The governing equations of various displacement vector fields are converted from their algebraic form into DQ form (i.e. matrix form), along with their boundary conditions and further constraints. Equations for the equilibrium paths are then derived in terms of the discrete displacement vectors for fast calculation. We compare the numerical solutions to benchmark algebraic results for orthotropic plates and isotropic panels. Finally, numerical solutions for a small group of representative variable-stiffness shells are compared with results from finite-element based Riks analyses.

2. Theory

In the present model, we consider a cylindrical panel with a VAT laminate as shown in Fig. 2. It is assumed that the tow orientations of the kth ply are given by a general function 9k(x,y) and that the laminate has no significant coupling between membrane and bending deformation (i.e. B = 0). The panel has length lx, width ly, thickness h and a radius of curvature R. The variation of the reinforcement direction results in a laminate with the following constitutive properties:

N = A(x, y)-e, and M = D(x, y)-K, (1)

where A and D are the membrane and bending stiffness matrices, and

e = [Cx ey Cxy]T, K = [Kx Ky Kxy ]T, N = [Nx Ny Nxy]T,

and M = [Mx My Mxy]T

are the membrane strains, changes in curvature, and membrane and bending stress resultants, respectively. As an approximation, shear deformation of the shell's section in the xz and yz planes are assumed to be negligible (i.e. plane sections remain plane (Kirchhoff, 1850)). The laminate is, therefore, represented by an equivalent single layer.

In our model we have adopted Donnell's (1933) shallow-shell kinematic equations. We write the strains and curvatures

e = e+E and k = k

e(u) =

du Idv W dx Vdy +1

dy dx)

E(U) = 2

dW2 dW'

2^w dW dx dy

k(u) = -

rd2W d2W 2 d2 W

dx2 dy2 dxdy

The vector u = [u v w]T contains the mid-surface displacement fields corresponding to the x, y and z directions. Eq. (2) has been derived assuming that all terms involving 1 =R2 and quadratic terms involving the first derivatives of u and v are negligible (Donnell, 1933). It is explicitly assumed, therefore, that the shell is shallow, and the displacements in the z-direction are larger than those in the x and y directions.

Fig. 2. The panel geometry with the current co-ordinate system.

2.1. Governing equations

Non-linear solutions for the displacement fields u, v and w are determined approximately using Koiter's (1945) method. In this scheme the loading parameter and the displacements are expanded in series of the following form:

X = Xc + aXi +a2 Â2 + ■■■ (3)

u(M, a) = u0+au1 +a2U2, (4)

where a is a perturbation parameter. The fields u0, u1 and u2 are the pre-buckling and linear and quadratic buckling modes. The coefficients Xa M and M2 are the critical buckling load, the slope and curvature of the equilibrium path, respectively.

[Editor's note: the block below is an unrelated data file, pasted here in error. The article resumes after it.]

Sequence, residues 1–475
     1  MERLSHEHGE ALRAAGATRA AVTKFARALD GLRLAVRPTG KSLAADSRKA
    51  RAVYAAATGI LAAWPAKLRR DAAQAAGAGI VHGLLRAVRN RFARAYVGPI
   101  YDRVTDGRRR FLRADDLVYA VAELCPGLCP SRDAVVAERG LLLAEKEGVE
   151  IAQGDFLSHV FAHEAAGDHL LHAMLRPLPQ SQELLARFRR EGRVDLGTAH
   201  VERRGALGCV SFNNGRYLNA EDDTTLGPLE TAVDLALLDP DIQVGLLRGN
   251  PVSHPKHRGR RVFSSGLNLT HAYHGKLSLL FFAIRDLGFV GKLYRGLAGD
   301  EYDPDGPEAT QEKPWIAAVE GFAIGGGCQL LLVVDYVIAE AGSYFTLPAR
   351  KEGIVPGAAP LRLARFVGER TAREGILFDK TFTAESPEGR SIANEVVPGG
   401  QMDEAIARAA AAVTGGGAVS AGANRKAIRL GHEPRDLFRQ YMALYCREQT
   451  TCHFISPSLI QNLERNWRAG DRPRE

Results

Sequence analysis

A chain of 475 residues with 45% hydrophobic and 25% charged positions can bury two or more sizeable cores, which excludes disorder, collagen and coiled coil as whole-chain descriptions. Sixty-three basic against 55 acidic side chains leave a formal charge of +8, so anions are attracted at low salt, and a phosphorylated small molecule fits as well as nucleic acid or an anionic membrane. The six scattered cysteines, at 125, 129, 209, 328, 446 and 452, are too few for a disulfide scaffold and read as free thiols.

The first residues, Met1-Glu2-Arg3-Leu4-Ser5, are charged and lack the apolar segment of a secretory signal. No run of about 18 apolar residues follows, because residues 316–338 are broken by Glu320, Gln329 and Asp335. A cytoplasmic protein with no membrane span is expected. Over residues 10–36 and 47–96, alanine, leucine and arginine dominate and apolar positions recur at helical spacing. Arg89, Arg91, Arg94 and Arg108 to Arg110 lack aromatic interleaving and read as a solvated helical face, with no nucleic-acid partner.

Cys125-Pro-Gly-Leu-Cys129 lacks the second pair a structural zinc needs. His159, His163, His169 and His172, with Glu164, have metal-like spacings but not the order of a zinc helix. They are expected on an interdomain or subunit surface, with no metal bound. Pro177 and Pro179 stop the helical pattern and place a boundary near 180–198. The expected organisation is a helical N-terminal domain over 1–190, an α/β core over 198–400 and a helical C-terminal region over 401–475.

Prior to buckling, the shell's displacements are assumed to increase linearly in proportion to a loading parameter M; thus u = u0 = Mu0. At some critical load value, Mc, the shell bifurcates with a corresponding linear mode-shape u1. In the analysis, the stability of the linear mode-shape is determined by computing the second-order field u2 such that the shell is in equilibrium for a small value of a. Evaluating the changes in energy due to a change in a (based on the solutions for u1 and u2), it is possible to predict the tangent of the load-deflection path and hence the post-buckling stiffness of the structure.

The governing equations for u0, u1 and u2 have been derived in A.1 using the principle of stationary potential energy. Introducing the following notation for the stress-resultants:

Nm = A • e(um), Mm = D • k(um), and N mm = A • E(um),

with m a {0,1,2}, we write

Pre-buckling:

dNxo àNxyo 0 dx dy '

dNyo dNxyo 0 dy dx = ;

d2Mxa ! 2d2MXyo dx2 " dxdy d2Myo + dy2 +"?=o-

Buckling:

dNxi dNXyi_0 dx dy '

dNyi dNxyi _0 dy dx = ;

d2Mxi 2d2MXyi dx2 ' " dxdy d2Myi + dy2 Nyi + R

Post-buckling:

dNx2+ dNxy2 _ dx dy ' dNxii dNxyii

dx dy '

dNy2 + dNxy2 dy dx ' dNyii dNxyii

dy dx '

d2Mx2 ! 2d2Mxy2 dx2 " dxdy d2My2 + dy2 +¥+ Xc!

(5a) (5b) (5c)

(6a) (6b)

d Ídw1 dwA , d ( dw1 dwA

Tx{N*0*r+»^J - XTy[Nx°-3"+»«i») (6c)

{*№£+ »-w) +1^+n-t?))

(7a) (7b)

d / dwi „ dwA d / dwi „ dwA Nyii

=--Nx1—"+Nvv"—"--Nx1—"+Nx1—1 H—y"", (7c)

x1 dx xy1 dy ) dy\ x1 dx x1 dx ) R ' y 7

L(N^N^) ^ {»^»■»WwdA = (8,

where A is the shell's area. In the literature Eqs. (5)-(7) are usually called Donnell's shallow-shell equations. Eq. (8) is not an equilibrium equation, rather a functional expression, which is used to enforce orthogonality of the linear and quadratic buckling modes u1 and u2. It is required to ensure uniqueness of the solution to u2 (Koiter, 1945).

2.2. Boundary conditions

All external forces in the model are applied at the boundary (see Fig. 3). The edges corresponding to x = {0, lx} are termed